Description:  We will explore the concept of plant functional traits (PFTs) and how they can be used to study the distribution and diversity of plant species across environmental gradients. PFTs are characteristics that can that are measured from an individual plant (parts) and can be used to compare species. Examples of such traits are the toughness of leaves and seed size. We will learn about tradeoffs between PFTs and what they can tell us about the ecological strategies of species, how this links to the study of forest succession and a bit about agriculture and the domestication of crops from a PFT perspective. In addition, we will discuss some basic principles of the setup of field studies and sampling design and we will collect and analyze our own plant functional trait data in the field.   

Group B - Modes of Inquiry: Experimentation and Mathematical Modeling.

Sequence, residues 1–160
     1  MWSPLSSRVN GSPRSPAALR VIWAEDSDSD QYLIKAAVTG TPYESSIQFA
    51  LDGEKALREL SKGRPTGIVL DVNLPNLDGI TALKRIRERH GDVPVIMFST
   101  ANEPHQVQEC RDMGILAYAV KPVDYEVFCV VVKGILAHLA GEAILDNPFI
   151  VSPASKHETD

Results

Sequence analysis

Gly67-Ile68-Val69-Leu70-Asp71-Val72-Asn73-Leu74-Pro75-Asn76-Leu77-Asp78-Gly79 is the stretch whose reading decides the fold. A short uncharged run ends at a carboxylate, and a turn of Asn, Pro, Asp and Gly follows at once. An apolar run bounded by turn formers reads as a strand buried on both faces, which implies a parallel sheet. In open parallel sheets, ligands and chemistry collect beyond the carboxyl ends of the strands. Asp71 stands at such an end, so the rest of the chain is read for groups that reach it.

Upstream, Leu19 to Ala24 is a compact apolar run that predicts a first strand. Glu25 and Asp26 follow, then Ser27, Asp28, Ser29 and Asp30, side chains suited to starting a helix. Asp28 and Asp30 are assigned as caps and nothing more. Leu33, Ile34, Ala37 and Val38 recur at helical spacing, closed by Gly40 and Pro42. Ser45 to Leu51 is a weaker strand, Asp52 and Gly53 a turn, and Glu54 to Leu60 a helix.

Sections 6 and 7: Molecular Perspectives

Instructor: Stanislav Presolski - 1:00-2:20 and 2:30-3:50

Description: The fundamental building blocks of everything that surrounds us will be discussed, from simple gases, liquids and solids, through man-made dyes, drugs and plastics, all the way to the chemistry of living things. We will explore the interactions between matter and energy that constitute many of our everyday experiences and employ Nuclear Magnetic Resonance spectroscopy to gain an even deeper understanding of the molecular world. 

Section 8: Hardware and Software Programming for Interactive Systems Instructor: Simon Perrault  - 1:00-2:20PM